attention away from other aspects of National's policy, so
that if the plan fails to excite voters National has little
chance of winning the election. It remains to be seen
whether National's plan as announced will do the trick.

Curb the "brain drain"

15. (SBU) National argues that, despite the benefit of the
best international trading conditions New Zealand has enjoyed
for many decades and despite reasonable levels of economic
growth as a consequence, most New Zealanders are, in real
terms, no better off. National frequently cites low
comparative income levels as an underlying reason for the
flight of talented New Zealanders to Australia and other
countries, commonly referred to as the "brain drain."

16. (SBU) National argues that immediate tax reform would
encourage New Zealanders to stay in the country. Lowering
corporate taxes would also encourage more overseas investment
in New Zealand, lifting salaries. These issues - income
levels and the sense that the most talented of New Zealanders
are more inclined to leave the country rather than stay -
resonate with voters. But National's confidence that it could
appeal to New Zealand's ever increasing educated middle class
with this approach took a beating when the Government
announced it would abolish interest on student loans.

Race Relations and "Mainstream New Zealand"
17. (SBU) Following Brash,s "nationhood" speech to a Rotary
Club at Orewa in early 2004, where he expressed opposition to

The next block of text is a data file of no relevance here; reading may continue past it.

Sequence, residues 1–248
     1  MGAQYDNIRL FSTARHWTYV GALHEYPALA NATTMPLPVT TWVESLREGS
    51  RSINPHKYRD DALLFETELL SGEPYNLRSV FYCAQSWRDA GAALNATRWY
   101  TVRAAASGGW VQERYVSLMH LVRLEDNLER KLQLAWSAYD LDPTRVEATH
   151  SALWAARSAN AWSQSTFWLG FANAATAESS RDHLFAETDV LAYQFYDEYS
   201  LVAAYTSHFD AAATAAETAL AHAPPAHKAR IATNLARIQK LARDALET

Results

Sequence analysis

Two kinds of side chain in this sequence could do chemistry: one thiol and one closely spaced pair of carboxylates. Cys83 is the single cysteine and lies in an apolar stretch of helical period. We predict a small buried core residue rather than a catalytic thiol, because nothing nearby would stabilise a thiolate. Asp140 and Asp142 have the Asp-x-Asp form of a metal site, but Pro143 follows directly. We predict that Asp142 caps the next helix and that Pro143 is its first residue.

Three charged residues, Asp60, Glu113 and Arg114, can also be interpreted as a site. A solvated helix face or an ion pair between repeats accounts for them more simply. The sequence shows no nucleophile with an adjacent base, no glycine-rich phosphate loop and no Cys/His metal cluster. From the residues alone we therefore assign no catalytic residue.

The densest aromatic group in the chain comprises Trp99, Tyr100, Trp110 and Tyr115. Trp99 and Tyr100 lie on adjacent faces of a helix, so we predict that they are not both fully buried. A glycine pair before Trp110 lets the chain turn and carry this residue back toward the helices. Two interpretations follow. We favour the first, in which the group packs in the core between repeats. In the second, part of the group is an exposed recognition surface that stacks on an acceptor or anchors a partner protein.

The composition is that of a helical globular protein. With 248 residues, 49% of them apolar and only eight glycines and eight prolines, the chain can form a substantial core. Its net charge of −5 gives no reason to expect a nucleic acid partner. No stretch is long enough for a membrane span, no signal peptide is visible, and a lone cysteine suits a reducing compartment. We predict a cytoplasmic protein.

Maori racial separatism in New Zealand, National temporarily
received the biggest one-off gain, 17 percent, in the history
of New Zealand,s most well-known political poll. Though the
sentiments expressed in the Orewa speech differed little from
established National Party views, the ensuing nation-wide
support the Party received after delivery, largely a result
of timing and effective spin, indirectly provoked changes of
emphasis in Labour's policy agenda. The themes of the Orewa
speech continue to resonate with many New Zealanders,
particularly the middle class, and is for National a key
component of its claims that it is the only Party
representing "mainstream New Zealanders." One of National's
most popular billboard is a picture of Helen Clark underneath
the word "Iwi" (the Maori word for tribe) alongside one of
Don Brash underneath the word "Kiwi."
18. (SBU) Overall, National says that Labour has been, and
continues to be, excessively concessionary when it comes to
Maori claim settlements stemming from the 1840 Treaty of
Waitangi. National says it will set a deadline of 2010 to
settle all claims. It has also taken a resolute line against
consultation with Maori on resource management issues, any
program it can plausibly call race-based, some Treaty
settlements and official deference to Maori spiritual and
cultural values.

--------------------------------------------- -----------
National's Vulnerabilities: Anti-nuclear policy at issue
--------------------------------------------- -----------

19. (C) Foreign relations rarely command center stage in a
general election campaign. But Labour is determined to take
advantage of National,s perceived vulnerability regarding
New Zealand's 1987 legislation that bans nuclear-powered and
nuclear-propelled ships from its harbors (reftels). National
has done a relatively poor job of deflecting these charges.
By simply repeating that it does not have plans to change the
law and would not do so absent a referendum, the Party has
begged the question of why it would even call for such a
vote. This has made it easier for Labour to convince voters
that National has a hidden agenda.

Seeking a return to traditional alliances

20. (C) National is publicly committed to multilateralism,
but it places greater preference on New Zealand's
relationships with traditional allies - the United States,
the United Kingdom and Australia -- than does Labour.
National maintains that these traditional alliances,
especially with the United States and Australia, have
unnecessarily deteriorated under the present Labour